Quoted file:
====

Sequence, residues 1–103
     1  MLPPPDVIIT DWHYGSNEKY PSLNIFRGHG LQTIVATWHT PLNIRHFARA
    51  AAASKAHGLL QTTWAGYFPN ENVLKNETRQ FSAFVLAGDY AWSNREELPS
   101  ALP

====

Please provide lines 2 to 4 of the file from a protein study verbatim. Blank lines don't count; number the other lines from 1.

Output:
     1  MLPPPDVIIT DWHYGSNEKY PSLNIFRGHG LQTIVATWHT PLNIRHFARA
    51  AAASKAHGLL QTTWAGYFPN ENVLKNETRQ FSAFVLAGDY AWSNREELPS
   101  ALP